An egghead says “sorites”

Perhaps this isn’t the best time to profess my love, admiration, and (occasional) envy of academic elites. That kind of sentimentality could get you tarred and feathered in these days of fervent populism. But as Dave Shive said after being told that his eclectic theology would cripple his chances for fame and renown: What have I got to lose?

Admittedly, we are neither worse if we do not attain an academic degree, nor the better if we do. Even so, ignorance is no virtue for the Christian which is at least one reason why we need our egghead brothers and sisters. Their knowledge lends precision to our understanding and stokes our love for the Scriptures and, ultimately, God.

Consider 2 Pet 1:5-7 and its seemingly random list of Christian character traits:

Now for this very reason also, applying all diligence,
[by] your faith supply moral excellence,
and [by] your moral excellence, knowledge,
and [by] your knowledge, self-control,
and [by] your self-control, perseverance,
and [by] your perseverance, godliness,
and [by] your godliness, brotherly kindness,
and [by] your brotherly kindness, love.{NAS}

Most of us probably read this passage and find ourselves unable to get beyond two related questions: (a) why these characteristics? (b) what, if any, logic lies behind the chain? Speaking for myself, I found that my inability to discern any meaningful significance beyond the bare text actually dissuaded me from lingering over the text.

Enter Richard Bauckham and his research in NT and early Christian literature. His expertise uncovered so many features of the text that I felt as if I had been granted access to a previously hidden venue for meditation:

  • on the structure — 2Pet 1:5-7 uses a literary device known as sorites, a set of statements that progress, step by step, to a climactic conclusion. Not only was it “widely used and recognized in the early Christian period” but “there is some evidence that a catalogue of virtues beginning with pistis (“faith”) and ending with agape (“love”) was an established Christian form.”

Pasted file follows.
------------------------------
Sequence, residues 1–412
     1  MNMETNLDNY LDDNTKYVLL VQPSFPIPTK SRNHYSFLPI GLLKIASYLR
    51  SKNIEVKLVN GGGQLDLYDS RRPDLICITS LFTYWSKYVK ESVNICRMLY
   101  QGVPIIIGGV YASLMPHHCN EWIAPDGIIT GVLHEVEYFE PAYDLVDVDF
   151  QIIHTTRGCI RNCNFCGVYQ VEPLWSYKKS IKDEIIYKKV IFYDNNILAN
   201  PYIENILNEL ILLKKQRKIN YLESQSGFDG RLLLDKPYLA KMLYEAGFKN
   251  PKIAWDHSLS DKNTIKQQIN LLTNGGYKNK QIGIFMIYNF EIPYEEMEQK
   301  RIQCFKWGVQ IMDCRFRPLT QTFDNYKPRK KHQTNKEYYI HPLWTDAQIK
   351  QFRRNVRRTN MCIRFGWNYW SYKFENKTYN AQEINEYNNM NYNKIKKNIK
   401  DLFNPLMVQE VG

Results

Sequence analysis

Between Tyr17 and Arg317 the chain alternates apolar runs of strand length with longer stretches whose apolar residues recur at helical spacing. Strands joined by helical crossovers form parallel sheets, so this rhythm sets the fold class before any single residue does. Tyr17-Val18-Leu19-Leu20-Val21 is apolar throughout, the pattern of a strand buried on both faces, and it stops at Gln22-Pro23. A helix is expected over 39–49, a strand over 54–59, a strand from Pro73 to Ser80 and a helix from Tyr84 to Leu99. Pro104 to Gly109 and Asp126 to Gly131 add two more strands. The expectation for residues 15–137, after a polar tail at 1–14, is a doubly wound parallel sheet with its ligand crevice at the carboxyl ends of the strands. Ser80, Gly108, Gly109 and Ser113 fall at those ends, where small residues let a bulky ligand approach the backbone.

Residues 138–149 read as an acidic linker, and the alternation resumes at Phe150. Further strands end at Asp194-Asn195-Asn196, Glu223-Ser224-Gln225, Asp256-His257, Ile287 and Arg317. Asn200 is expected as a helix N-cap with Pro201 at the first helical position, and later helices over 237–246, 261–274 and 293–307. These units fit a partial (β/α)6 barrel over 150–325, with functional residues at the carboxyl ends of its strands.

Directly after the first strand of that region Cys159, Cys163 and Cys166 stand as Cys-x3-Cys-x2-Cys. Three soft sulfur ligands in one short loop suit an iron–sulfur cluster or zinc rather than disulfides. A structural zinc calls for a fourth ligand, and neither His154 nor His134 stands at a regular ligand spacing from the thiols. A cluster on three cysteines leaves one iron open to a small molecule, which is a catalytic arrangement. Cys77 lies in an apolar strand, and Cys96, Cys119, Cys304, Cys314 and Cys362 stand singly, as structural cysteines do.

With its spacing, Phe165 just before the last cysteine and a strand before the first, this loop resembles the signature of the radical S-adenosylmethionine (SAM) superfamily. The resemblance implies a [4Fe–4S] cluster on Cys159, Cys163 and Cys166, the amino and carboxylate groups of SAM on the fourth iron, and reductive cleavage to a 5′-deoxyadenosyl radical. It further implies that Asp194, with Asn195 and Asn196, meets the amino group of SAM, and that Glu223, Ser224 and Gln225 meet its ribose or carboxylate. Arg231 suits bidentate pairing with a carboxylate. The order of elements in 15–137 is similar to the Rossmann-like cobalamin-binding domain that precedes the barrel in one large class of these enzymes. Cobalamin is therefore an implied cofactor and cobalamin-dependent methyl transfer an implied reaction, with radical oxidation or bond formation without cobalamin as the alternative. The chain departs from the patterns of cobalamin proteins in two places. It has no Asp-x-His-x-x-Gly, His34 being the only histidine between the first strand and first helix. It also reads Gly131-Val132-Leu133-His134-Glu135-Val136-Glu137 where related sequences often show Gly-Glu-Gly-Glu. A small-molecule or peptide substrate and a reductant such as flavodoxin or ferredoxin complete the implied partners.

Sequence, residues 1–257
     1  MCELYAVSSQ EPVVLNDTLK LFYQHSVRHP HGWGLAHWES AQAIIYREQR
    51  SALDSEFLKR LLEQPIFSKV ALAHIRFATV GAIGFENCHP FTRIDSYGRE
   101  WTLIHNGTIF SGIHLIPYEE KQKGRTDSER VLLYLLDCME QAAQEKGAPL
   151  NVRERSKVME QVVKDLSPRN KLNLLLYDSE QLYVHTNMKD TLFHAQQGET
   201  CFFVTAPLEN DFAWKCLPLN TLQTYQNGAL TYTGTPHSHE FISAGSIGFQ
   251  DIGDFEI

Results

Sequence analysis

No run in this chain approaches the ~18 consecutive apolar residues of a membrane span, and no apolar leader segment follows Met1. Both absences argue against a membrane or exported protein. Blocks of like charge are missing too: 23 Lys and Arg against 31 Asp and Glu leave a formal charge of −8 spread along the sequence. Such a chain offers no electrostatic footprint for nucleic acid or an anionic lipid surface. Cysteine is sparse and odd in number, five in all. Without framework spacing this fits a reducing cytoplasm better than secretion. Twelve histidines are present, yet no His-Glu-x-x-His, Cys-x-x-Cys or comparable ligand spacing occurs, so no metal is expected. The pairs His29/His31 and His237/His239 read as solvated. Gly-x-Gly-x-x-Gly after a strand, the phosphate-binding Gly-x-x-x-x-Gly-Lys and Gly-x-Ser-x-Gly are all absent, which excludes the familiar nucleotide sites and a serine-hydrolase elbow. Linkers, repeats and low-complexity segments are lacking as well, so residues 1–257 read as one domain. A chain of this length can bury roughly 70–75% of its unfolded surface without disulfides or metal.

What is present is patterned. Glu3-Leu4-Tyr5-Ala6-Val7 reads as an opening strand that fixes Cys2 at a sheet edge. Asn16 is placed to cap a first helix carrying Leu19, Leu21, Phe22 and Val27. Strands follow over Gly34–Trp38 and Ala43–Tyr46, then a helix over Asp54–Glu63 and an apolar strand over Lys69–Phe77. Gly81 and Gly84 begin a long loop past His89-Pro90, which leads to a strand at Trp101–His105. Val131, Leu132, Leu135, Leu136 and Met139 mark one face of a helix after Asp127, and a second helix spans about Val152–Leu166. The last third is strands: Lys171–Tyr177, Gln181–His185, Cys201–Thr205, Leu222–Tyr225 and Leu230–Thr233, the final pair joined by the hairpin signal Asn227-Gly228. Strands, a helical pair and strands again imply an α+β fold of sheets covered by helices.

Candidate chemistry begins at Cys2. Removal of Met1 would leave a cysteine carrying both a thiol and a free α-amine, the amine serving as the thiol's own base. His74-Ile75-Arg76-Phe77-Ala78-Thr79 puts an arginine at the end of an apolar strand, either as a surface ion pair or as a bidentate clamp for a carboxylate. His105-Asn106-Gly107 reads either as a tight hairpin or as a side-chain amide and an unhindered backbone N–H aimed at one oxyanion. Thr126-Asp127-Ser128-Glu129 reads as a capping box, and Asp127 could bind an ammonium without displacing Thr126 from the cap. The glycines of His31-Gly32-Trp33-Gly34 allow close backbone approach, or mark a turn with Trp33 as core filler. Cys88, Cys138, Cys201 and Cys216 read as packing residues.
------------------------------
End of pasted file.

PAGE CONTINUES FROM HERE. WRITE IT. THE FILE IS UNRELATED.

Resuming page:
• on the significance of faith being listed first — By occupying first place in the list, faith represents “the root of all the virtues.” [Me: I couldn’t help but notice that Peter already referred to our faith as something we have received (1:1), which means that even the root of our virtue has its origin outside of us.]
  • on the (dis)placement of knowledge — “. . . in the non-Christian lists [knowledge] was usually first or last in the list [i.e. the root or the climax of all the virtues]. In most Christian lists it has been displaced from these positions by “faith” and “love.”
  • on the significance of love being listed last  — “the last, climactic term of a sorites is not of equal weight with the others” which means that Peter has preserved “very faithfully the place of love in Jesus’ ethical teaching, as the virtue which encompasses, coordinates, and perfects the others.”
  • on similarities with non-Christian philosophy — Although some of the virtues are found in Stoicism, in Peter’s list they “are not only rooted in Christian faith but also encompassed by Christian love. The borrowings testify to the fact that Christian ethics cannot be totally discontinuous with the moral ideals of non-Christian society, but the new context in which they are set ensures that they are subordinated to and to be interpreted by reference to the central Christian ethical principle of love.”

So if you haven’t already, do yourself a favor and befriend a Christian egghead even if vicariously through a book. Though shy and perhaps socially awkward, the best of them labor as technicians for the soul.

Author: Jonathan P. Merritt

Happily married father of six. Associate pastor for education at Edgewood Baptist Church (Columbus, GA). Good-natured contrarian and theological Luddite. A student of one book.

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